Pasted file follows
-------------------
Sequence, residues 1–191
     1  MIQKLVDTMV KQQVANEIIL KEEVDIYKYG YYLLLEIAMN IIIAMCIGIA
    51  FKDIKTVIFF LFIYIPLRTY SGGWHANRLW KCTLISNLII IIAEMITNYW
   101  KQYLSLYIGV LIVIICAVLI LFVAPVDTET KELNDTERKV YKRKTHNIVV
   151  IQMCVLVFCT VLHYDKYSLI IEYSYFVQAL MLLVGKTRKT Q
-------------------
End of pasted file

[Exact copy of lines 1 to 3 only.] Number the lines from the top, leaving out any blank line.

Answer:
Sequence, residues 1–191
     1  MIQKLVDTMV KQQVANEIIL KEEVDIYKYG YYLLLEIAMN IIIAMCIGIA
    51  FKDIKTVIFF LFIYIPLRTY SGGWHANRLW KCTLISNLII IIAEMITNYW